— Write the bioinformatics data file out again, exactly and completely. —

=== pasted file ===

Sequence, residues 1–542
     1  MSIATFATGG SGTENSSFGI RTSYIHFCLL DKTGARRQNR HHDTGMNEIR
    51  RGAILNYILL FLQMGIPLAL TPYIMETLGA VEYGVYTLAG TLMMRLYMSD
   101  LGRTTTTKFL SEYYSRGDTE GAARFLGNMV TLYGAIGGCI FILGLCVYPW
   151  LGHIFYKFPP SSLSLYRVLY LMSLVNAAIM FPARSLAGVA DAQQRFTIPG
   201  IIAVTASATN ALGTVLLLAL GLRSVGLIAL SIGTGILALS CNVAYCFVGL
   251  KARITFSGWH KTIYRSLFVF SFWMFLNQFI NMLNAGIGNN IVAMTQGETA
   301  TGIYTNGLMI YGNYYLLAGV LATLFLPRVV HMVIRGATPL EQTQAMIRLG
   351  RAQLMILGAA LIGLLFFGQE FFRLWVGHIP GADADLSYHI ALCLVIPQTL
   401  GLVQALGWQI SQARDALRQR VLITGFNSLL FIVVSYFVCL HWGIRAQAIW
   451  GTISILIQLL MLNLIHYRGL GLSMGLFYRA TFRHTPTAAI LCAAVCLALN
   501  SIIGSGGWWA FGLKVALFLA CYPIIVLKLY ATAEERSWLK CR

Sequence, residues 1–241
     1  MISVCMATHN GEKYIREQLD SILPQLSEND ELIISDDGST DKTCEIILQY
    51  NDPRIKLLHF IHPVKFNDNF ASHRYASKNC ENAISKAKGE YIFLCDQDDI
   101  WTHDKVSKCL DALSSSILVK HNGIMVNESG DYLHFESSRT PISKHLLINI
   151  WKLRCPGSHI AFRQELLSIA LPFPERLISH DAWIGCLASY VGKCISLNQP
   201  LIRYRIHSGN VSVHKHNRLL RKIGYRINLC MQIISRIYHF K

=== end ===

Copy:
Sequence, residues 1–542
     1  MSIATFATGG SGTENSSFGI RTSYIHFCLL DKTGARRQNR HHDTGMNEIR
    51  RGAILNYILL FLQMGIPLAL TPYIMETLGA VEYGVYTLAG TLMMRLYMSD
   101  LGRTTTTKFL SEYYSRGDTE GAARFLGNMV TLYGAIGGCI FILGLCVYPW
   151  LGHIFYKFPP SSLSLYRVLY LMSLVNAAIM FPARSLAGVA DAQQRFTIPG
   201  IIAVTASATN ALGTVLLLAL GLRSVGLIAL SIGTGILALS CNVAYCFVGL
   251  KARITFSGWH KTIYRSLFVF SFWMFLNQFI NMLNAGIGNN IVAMTQGETA
   301  TGIYTNGLMI YGNYYLLAGV LATLFLPRVV HMVIRGATPL EQTQAMIRLG
   351  RAQLMILGAA LIGLLFFGQE FFRLWVGHIP GADADLSYHI ALCLVIPQTL
   401  GLVQALGWQI SQARDALRQR VLITGFNSLL FIVVSYFVCL HWGIRAQAIW
   451  GTISILIQLL MLNLIHYRGL GLSMGLFYRA TFRHTPTAAI LCAAVCLALN
   501  SIIGSGGWWA FGLKVALFLA CYPIIVLKLY ATAEERSWLK CR

Sequence, residues 1–241
     1  MISVCMATHN GEKYIREQLD SILPQLSEND ELIISDDGST DKTCEIILQY
    51  NDPRIKLLHF IHPVKFNDNF ASHRYASKNC ENAISKAKGE YIFLCDQDDI
   101  WTHDKVSKCL DALSSSILVK HNGIMVNESG DYLHFESSRT PISKHLLINI
   151  WKLRCPGSHI AFRQELLSIA LPFPERLISH DAWIGCLASY VGKCISLNQP
   201  LIRYRIHSGN VSVHKHNRLL RKIGYRINLC MQIISRIYHF K